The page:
Research Continues to Find Early Learning Critical, But Funding Slows
The news earlier this month from the National Institute for Early Education Research's annual survey of state preschool spending was as predictable as it was disappointing: programs across the United States are having trouble serving all the students who qualify for pre-K programs, and budgets are being slashed. Although overall spending and enrollment is still rising, the pace of growth has slowed considerably, and demand is increasing as cash-strapped families rely more on publicly funded schools.
This news takes on more urgency as new research continues to prove the importance of kids' pre-K social and cognitive experiences on their achievement and behavior in school. The Education Week blog Inside School Research details the new results of a federally funded study that has tracked more than 1,300 kids since 1991:
It finds that children who were in poor-quality child-care settings at age 4-and-a-half, regardless of whether that care was being provided in a relative's home, a formal day-care center, or by a live-in nanny, had a slightly higher-than-average incidence of behavior problems that persisted until age 15. On the other hand, the children who had been in a high-quality child-care setting at the same age were more likely to excel in their academic studies well into their teenage years.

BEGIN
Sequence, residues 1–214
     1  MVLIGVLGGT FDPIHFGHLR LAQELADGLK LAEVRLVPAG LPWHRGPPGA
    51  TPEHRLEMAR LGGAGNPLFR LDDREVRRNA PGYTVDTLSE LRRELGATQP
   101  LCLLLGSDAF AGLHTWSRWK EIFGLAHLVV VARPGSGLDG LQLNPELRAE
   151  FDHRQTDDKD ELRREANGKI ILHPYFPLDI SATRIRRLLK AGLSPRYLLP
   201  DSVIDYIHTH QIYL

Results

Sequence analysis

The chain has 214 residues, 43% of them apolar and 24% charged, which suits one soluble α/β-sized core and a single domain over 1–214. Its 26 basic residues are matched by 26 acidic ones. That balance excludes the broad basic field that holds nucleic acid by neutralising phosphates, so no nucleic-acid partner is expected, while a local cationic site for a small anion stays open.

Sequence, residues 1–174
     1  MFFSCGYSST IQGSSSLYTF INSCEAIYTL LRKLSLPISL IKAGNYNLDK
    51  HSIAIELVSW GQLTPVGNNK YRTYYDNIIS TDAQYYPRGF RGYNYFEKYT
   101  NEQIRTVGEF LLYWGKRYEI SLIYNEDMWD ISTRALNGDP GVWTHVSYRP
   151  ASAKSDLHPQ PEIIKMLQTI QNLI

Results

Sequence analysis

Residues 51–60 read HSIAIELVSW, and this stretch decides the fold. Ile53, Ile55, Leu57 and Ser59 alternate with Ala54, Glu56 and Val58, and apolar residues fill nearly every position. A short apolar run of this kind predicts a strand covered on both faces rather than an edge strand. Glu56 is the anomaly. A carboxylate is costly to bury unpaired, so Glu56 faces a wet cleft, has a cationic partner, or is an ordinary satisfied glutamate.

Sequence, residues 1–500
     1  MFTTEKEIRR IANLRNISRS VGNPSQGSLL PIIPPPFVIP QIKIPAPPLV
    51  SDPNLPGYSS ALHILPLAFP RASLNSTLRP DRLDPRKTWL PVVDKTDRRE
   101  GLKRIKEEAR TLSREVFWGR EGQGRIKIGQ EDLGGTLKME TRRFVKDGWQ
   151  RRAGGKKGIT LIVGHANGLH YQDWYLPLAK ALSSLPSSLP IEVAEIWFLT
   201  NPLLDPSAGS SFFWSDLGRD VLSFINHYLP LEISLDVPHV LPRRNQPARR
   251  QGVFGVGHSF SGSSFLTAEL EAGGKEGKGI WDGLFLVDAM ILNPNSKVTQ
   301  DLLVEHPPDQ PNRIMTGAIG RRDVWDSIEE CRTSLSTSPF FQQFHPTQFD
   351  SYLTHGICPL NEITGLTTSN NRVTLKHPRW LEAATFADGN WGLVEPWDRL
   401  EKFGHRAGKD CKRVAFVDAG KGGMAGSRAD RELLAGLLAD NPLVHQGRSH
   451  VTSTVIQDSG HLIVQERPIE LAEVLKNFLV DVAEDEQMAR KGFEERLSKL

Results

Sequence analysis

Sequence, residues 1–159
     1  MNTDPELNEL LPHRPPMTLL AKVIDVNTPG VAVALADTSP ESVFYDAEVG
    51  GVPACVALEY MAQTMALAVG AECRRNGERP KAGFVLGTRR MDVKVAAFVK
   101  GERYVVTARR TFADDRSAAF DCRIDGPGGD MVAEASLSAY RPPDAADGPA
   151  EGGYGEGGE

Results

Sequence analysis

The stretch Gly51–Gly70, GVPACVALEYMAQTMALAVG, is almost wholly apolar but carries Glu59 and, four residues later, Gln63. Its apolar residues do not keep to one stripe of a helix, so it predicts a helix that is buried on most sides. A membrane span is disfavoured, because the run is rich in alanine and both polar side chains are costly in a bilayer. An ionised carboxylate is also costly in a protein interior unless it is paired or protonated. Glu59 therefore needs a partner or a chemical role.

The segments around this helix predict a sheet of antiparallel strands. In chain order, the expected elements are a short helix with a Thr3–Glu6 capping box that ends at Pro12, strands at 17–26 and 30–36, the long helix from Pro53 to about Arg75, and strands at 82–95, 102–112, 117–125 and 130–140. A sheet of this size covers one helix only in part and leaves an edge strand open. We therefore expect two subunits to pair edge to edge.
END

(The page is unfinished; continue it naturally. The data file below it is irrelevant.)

As demand goes up, funding slows in the states, and a steady drumbeat of research continues to show the importance of pre-K experiences, will the federal government step in to assist? Education Week reports that even though early learning funds failed to find their way into either the student loan overhaul or the health care bill, there is a chance that incentives for states to expand pre-K will make it into the coming reauthorization of the Elementary and Secondary Education Act, currently known as No Child Left Behind.